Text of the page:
As shown in FIG. 5, electrical connector box 78 is provided into which electrical cord or wiring 80 passes. Within the electrical box 78 is a junction which electrically connects lamps 20 on each side of the apparatus, as shown in FIG. 6, to the electrical wiring 80. A switch may be optionally provided either on the electrical box 78 or in the electrical cord 80 to turn the lamps 20 "off" and "on". Otherwise the lamps are controlled by simply plugging the electrical wiring 80 into an appropriate wall socket. In FIG. 6, the side panels 50 and 52 have slots 82 cut therein to allow the light from lamps 20 to illuminate the underside 84 of the foot support 14.
As shown in FIG. 4, the thermographic film 86 of the thermographic device 16 is mounted in a frame 88. The stand 12 provides abutments 90, 92 and 94 on the front and rear portions of the sides 50 and 52. The lamp enclosures 22 and 24 provide abutment portions 96 and 98 along the sides of the foot support to thereby retain the device 16 on the foot support 14 by the abutments cooperating with the frame edges 100.
The thermographic film is made of a durable construction to withstand daily use, the paper 40 providing additional protection for the film. The film 86 comprises an upper layer of black opaque material and an intermediate layer of a temperature sensitive substance which may be a cholesteric liquid crystal compound which produces a visible color change in response to a temperature activation. The crystal make up is such to respond in providing temperature gradients for the temperature range of normally healthy feet having proper blood circulation. This temperature range is from approximately 25° C. to approximatley 45° C. when measured at an ambient temperature approximating room temperature, namely 23° C.
The intermediate crystal layer is protected on its underside by a transparent film. Thus the person standing on device 16 does not see from the upper surface any reaction of the film 86. The color spectrum is visible only from the underside of the foot support. Depending upon the temperature gradient of the foot, the corresponding color array is indicated. For normally healthy feet, the film 86 will respond in a manner to show reasonably consistent temperature reading along the length of the foot. For feet with poor circulation, the color gradient will indicate a lower temperature along the foot by a different color array. For a particular cholesteric make up used, the following colors indicate the degree of blood circulation in the foot. A deep blue indicates good blood circulation, green indicates fair blood circulation, brown indicates poor blood circulation and no color indicates very poor blood circulation.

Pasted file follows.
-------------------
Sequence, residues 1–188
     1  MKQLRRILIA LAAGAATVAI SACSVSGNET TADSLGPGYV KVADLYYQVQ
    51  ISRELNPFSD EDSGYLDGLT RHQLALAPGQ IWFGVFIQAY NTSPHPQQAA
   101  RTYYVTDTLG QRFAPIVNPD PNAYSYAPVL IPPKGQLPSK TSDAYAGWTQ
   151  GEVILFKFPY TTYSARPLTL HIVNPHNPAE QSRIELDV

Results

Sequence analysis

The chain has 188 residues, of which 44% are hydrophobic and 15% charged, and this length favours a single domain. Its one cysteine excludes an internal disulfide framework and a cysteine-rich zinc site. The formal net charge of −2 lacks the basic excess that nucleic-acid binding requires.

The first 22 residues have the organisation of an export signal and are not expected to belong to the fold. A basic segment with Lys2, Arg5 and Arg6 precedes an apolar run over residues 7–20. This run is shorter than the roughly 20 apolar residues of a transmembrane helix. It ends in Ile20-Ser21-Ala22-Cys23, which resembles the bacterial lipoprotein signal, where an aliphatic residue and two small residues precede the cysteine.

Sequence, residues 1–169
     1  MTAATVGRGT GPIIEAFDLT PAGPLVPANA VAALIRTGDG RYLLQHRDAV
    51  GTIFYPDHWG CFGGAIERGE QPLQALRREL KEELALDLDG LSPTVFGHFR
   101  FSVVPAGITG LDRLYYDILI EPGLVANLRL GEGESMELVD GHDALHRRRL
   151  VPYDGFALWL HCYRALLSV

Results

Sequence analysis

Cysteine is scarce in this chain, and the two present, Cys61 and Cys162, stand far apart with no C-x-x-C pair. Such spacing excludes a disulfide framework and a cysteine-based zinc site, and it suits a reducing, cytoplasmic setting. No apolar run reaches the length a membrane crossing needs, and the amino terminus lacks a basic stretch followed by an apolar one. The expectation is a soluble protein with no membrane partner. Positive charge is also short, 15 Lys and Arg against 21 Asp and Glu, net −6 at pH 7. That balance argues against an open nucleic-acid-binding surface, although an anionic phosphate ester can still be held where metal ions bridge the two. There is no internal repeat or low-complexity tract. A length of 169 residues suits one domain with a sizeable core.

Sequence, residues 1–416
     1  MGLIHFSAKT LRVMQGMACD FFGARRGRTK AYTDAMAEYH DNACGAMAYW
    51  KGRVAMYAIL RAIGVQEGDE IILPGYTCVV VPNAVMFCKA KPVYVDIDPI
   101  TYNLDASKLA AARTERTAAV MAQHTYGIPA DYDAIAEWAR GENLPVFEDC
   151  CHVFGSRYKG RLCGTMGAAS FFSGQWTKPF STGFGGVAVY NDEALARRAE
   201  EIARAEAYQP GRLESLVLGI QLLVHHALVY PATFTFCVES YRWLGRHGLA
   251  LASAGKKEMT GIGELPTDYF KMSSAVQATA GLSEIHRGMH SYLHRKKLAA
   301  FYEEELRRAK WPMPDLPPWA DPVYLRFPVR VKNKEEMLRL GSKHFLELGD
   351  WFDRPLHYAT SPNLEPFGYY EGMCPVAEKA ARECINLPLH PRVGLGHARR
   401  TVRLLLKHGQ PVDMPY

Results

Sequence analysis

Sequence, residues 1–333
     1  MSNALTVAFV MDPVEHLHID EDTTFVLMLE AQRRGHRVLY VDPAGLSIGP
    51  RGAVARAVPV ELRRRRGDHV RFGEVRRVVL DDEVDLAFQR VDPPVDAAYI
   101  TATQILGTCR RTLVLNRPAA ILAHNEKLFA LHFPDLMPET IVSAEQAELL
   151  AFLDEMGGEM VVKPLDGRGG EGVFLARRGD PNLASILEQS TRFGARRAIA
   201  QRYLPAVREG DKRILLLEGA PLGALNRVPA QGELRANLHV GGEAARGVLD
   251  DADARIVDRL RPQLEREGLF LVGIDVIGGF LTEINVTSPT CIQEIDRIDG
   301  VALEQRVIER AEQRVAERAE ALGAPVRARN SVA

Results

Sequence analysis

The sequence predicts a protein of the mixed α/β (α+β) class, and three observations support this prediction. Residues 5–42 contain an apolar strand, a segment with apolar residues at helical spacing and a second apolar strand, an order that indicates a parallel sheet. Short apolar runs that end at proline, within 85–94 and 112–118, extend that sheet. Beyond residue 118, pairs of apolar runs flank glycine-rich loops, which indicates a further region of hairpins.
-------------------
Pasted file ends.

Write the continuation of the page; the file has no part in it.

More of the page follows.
Since the foot support 14 is a hard surface, the color array will also outline the anatomical shape of the individual's foot to indicate the height of the arch and the pressure points of the feet. Therefore, the person evaluating the customer's blood circulation will also determine simultaneously the condition of the person's foot profile. This information, therefore, permits the salesperson or orthopedic specialists to select the appropriate footwear or treatment to improve foot condition.
By way of photographing the visual indication of the person's foot condition, a record may be kept on the customer so that on return with further use of the apparatus, the improvement in the customer's foot condition can be observed and then the next proper set of footwear or treatment prescribed.
The foot support plate 14 is preferably of "Plexiglass" (trademark) or may be of other transparent material. Thick plateglass is least preferred because it is subject to breakage and its additional weight.
Although various preferred embodiments of the invention have been described herein in detail, it will be understood by those skilled in the art that variations may be made thereto without departing from the spirit of the invention or the scope of the appended claims.
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|U.S. Classification||600/592, 73/172, 177/177, 482/901, 108/23|
|International Classification||A61B5/00, A61B5/107, A63B69/00|
|Cooperative Classification||Y10S482/901, A61B5/015, A61B5/1074, A63B2225/12, A63B24/0003|
|European Classification||A61B5/01B, A61B5/107D, A63B24/00A|
|Apr 5, 1984||AS||Assignment|
Owner name: CANADIAN URSUS RUBBER LIMITED, 4875 VICTORIA AVENU
Free format text: ASSIGNMENT OF ASSIGNORS INTEREST.;ASSIGNORS:BONETTA, ANGELO A.;GALIOTTO, BRUNO R.;REEL/FRAME:004246/0918;SIGNING DATES FROM 19840206 TO 19840314
|Dec 1, 1988||FPAY||Fee payment|
Year of fee payment: 4
|Aug 15, 1993||LAPS||Lapse for failure to pay maintenance fees|
|Nov 2, 1993||FP||Expired due to failure to pay maintenance fee|
Effective date: 19930815